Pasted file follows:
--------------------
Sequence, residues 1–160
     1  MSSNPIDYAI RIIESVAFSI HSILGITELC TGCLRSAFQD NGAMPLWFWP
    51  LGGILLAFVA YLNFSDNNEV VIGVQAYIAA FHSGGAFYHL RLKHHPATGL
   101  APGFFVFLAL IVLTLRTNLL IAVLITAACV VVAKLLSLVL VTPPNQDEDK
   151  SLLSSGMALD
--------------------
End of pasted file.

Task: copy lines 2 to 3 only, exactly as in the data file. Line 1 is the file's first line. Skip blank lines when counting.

     1  MSSNPIDYAI RIIESVAFSI HSILGITELC TGCLRSAFQD NGAMPLWFWP
    51  LGGILLAFVA YLNFSDNNEV VIGVQAYIAA FHSGGAFYHL RLKHHPATGL